When people around here talk about “Midtown,” the discussion generally concerns new condos, small businesses and lifestyle. Not long ago, the neighborhood separating Wayne State University’s campus from downtown mostly contained ramshackle buildings and rat-infested alleys and was notorious for its drug houses and prostitutes.
“We use the euphemism today and call it Midtown, but it was the Cass Corridor and everyone knew what the Cass Corridor was,” Wayne State President Irvin Reid says.
When Reid arrived in 1997, he set about transforming the reputation of the faded community bordering the 200-acre urban campus, with Cass Avenue as its main thoroughfare.
As developers added upscale condos and townhouses costing up to $600,000 per unit, the university also went to work.
Wayne State has spent more than $1 billion in the past decade for on- and off-campus housing and building projects.
“More people are realizing the action is in Midtown Detroit,” Reid says. “As we fulfill our strategic mission to revitalize Detroit, we have become part of the growing rhythm of this diverse neighborhood.”
Anchored by the university and a cultural district that includes the Detroit Institute of Arts, Charles H. Wright Museum of African American History and Orchestra Hall home of the Detroit Symphony Midtown has become a destination for tourists and residents alike.
More than 20 housing developments have been built. A $36 million apartment development is going up on university-owned land.
“Universities can’t just pick up and move like corporations,” says Roland Anglin, executive director for the Initiative for Regional and Community Transformation at New Jersey’s Rutgers University. “They really do have a stock investment in buildings and history in those communities.”
Many urban schools are doing more outside the classroom to revitalize their neighborhoods and improve students’ experiences on and off campus.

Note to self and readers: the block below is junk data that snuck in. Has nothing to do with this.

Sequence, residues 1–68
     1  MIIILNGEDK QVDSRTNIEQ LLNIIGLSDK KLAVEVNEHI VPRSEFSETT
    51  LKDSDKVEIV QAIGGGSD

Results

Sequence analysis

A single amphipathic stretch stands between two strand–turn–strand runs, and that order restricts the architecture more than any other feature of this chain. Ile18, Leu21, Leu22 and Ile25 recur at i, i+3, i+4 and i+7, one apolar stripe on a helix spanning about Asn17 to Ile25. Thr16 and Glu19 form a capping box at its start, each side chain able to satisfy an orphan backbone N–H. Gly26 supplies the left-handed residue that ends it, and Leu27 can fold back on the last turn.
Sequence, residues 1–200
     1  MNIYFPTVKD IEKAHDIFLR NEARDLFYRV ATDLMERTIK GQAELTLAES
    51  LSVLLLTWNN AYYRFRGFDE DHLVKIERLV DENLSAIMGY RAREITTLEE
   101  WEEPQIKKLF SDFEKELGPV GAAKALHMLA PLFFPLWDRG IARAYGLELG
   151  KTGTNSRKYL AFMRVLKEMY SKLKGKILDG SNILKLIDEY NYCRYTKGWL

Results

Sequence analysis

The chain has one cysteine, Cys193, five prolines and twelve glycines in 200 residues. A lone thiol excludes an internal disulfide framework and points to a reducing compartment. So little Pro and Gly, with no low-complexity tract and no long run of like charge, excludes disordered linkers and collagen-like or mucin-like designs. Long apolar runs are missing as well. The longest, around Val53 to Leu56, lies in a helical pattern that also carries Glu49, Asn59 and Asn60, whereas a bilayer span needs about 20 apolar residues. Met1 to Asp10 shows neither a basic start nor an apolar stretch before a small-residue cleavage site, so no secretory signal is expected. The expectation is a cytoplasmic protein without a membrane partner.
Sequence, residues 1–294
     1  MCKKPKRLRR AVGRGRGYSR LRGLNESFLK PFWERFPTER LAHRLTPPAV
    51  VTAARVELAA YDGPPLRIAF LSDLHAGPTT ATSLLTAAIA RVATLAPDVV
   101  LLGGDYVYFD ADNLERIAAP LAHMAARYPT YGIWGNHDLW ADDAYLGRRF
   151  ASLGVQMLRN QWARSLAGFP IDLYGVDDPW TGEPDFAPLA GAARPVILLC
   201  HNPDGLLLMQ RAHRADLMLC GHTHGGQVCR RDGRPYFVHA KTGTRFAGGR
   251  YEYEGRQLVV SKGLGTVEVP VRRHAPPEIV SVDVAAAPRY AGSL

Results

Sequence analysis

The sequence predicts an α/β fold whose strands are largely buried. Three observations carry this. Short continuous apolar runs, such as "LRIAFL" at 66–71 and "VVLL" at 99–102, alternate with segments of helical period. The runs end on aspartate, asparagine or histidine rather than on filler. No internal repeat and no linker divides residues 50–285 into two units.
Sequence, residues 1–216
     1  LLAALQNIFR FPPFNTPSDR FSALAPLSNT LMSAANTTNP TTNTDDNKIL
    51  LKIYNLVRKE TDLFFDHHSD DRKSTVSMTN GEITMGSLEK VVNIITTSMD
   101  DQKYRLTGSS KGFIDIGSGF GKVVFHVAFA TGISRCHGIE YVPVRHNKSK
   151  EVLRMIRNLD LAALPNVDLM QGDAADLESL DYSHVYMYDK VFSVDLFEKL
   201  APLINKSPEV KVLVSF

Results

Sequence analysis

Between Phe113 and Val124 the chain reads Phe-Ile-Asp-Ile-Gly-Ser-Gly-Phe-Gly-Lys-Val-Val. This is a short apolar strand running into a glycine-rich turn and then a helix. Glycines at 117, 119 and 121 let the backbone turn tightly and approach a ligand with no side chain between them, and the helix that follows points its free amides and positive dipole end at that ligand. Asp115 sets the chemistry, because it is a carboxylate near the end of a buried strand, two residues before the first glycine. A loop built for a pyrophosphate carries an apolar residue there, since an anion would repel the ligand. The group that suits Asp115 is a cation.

An early effort was in 1950s Chicago. Federal funds, private investment and $29 million from the University of Chicago were used to demolish old buildings and clear tracts of land to transform Hyde Park into a vibrant college community.
The University of Cincinnati is a partner in various redevelopment programs expected to lead to $500 million in new construction near the campus.
And Rutgers donated parking lots to the city of Camden to help create market-rate row houses in one neighborhood. Each of the 18 townhouses being built has been sold, university spokesman Mike Sepanic says.
Rutgers also is seeking proposals from developers to convert a former law school building on its Newark campus into student housing or a hotel. It’s part of the university’s plan to create an “academic village,” a phrase more schools are using to describe their relationships with the community.
Schools have to be proactive in removing blight and making sure the area around campus is attractive and safe, Reid says.
“You have to have the foresight to know there is an opportunity for acquiring the land,” he says. “You can’t just grab land … for no purpose at all.”
General Motors Corp. donated a building just north of campus to Wayne State for a technology center.
Wayne State is promoting new housing in the area to more than 8,200 faculty and staff and nearly 31,000 students. In return, the companies are offering incentives ranging from a year without mortgage payments to thousands of dollars in upgrades to free parking spaces.
Add small, affordable eateries, a coffeehouse, bookstore and hair salon, and the campus becomes more of an attraction for people living in and visiting Midtown.
“It’s critically important to have new retail and new restaurants,” says Susan Mosey, president of the University Cultural Center Association. “It’s another reason for students to want to live in the dorm or in apartments.”
The same is proving true near the University of Cincinnati.
University Park and Stratford Village are helping transform neighborhoods that Tony Brown, chief executive of a nonprofit consortium working with the school on the projects, calls “slum-like.”
“The university discovered that if students were coming to look at the campus, the parents were saying, ‘Where is my child going to live?’“ Brown says.
For an urban university to be a part of the community, it has to reach out and not become an island, Reid says.
“This does not happen in one day, one year or, for that matter, in 10 years,” he says. “It takes time.”
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